(PEARL HARBOR and WAR in SOUTHEAST ASIA – continued)
The FBI had been monitoring Japanese American activity for several years before the war broke out, and right after the bombing of Pearl Harbor they swept into Japanese American communities and arrested possible subversives. FBI head J. Edgar Hoover told President Roosevelt that the West Coast was secure, and he recommended that the Japanese American communities be watched, but he did not recommend any mass arrests of Japanese.
U.S. Attorney General Francis Biddle warned President Roosevelt that the forced removal of American citizens was unconstitutional. Although the U.S. was also at war with Germany and Italy, there was no mass detention of German-Americans or Italian-Americans.
On the West Coast, some were busy describing not only the evil-doings of the Japanese of Japan but also the dangers emanating from Japanese-Americans. Some people feared that their vegetables, grown by local Japanese farmers, might have been injected with poison. And some white farmers disliked the competition they had from Japanese-American farmers.
The government always had the option of apprehending and prosecuting anyone caught passing damaging information to Japan's government or destroying property. But, for some, the chances of a Japanese taking action in support of Japan was so great that the Japanese had to be restrained collectively. A distinguished liberal journalist, Walter Lippmann, led the attack. Lippmann claimed that the fact that the Japanese had not yet been found committing treasonous acts meant that they were waiting for a later time to strike. He charged that in the interest of national security Japanese-Americans should be interned, and he criticized bureaucrats in Washington for being slow to act.
On February 10, 1942, a Japanese submarine shelled an oil refinery near Santa Barbara, doing little damage, but it exercised excitable people in California. On February 14, General John L. DeWitt, commander of U.S. Army units west of the Mississippi, left his post at the Presidio in San Francisco and went to the capital in Washington D.C. to push for interning the Japanese. He described the Japanese as "an enemy race." "While many of them have become Americanized," he said, "the racial strains are undiluted." DeWitt feared that the Japanese might land on the West Coast, and, like Lippmann, he described no sabotage having taken place as an indication that the Japanese-Americans were waiting for the most opportunistic moment. He asked for the authority to remove from society all Japanese and other persons suspected of being "actual or potential spies and potential saboteurs or fifth columnists."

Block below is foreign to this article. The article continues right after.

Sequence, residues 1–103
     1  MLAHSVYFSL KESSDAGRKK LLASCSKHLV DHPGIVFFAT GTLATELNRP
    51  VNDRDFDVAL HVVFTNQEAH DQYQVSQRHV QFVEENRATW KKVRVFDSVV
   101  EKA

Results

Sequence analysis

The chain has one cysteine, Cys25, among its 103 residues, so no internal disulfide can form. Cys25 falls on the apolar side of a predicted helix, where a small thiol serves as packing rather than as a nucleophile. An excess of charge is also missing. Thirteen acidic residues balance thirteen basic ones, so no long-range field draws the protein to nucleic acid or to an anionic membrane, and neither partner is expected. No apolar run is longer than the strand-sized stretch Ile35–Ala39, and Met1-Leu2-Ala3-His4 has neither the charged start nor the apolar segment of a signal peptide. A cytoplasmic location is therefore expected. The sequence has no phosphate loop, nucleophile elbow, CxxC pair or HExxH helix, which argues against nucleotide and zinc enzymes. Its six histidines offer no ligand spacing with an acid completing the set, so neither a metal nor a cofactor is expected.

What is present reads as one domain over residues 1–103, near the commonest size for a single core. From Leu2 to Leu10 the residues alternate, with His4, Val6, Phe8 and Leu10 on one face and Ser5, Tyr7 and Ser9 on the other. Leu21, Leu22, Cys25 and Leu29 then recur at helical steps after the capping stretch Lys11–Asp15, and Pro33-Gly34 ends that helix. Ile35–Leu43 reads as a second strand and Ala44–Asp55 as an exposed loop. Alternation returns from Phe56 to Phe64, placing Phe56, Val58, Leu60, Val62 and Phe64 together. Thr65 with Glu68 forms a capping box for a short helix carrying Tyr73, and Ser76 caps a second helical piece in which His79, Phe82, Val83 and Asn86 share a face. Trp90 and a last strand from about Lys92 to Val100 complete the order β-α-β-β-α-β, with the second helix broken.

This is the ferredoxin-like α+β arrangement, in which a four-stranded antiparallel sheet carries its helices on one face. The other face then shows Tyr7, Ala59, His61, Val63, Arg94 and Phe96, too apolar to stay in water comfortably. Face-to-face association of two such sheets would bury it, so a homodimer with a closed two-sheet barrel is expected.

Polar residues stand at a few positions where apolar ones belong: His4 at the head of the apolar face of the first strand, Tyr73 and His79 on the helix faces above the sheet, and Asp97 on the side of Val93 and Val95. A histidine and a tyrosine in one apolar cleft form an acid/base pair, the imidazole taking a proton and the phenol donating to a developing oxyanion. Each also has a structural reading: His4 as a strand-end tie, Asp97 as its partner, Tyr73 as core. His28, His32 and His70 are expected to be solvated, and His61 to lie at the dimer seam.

President Roosevelt considered the matter. He asked an expert at the State Department, Frank Schuler, his opinion whether Japanese in the United States were a danger. Schuler replied that some were a danger and some were not. "But how," he asked, "can you separate the good from the bad." Roosevelt decided to err on the side of security. He issued executive Order 9066 to relocate all Japanese on the West Coast to detention camps inland. And California's Attorney General, Earl Warren, approved.
The Japanese in Hawaii were not interned, although they were closer to Japan and at the center of operations of the Pacific war. They benefited from the lesser bigotry of people in the Hawaiian Islands and from their number. As a third of the work force in the islands, removing them would have destroyed the islands' economy, and somehow the danger from sabotage failed to materialize as an issue.
At Dawn We Slept, by Gordon W. Prange, 2001.
Amercian Caesar: Douglas MacArthur, 1880-1964, Chapters 4 and 5, by William Manchester, 1978.
MacArthur and Defeat in the Philippines, by Richard Connaughton, 2001.
Hirohito and the Making of Modern Japan, chapter 11, by Herbert P. Bix, 2000.
Days of Sadness, Years of Triumph: the American People 1939 – 1945, by Geoffrey Perrett, Wisconsin University Press, 1985.
Copyright © 2000-2011 by Frank E. Smitha. All rights reserved.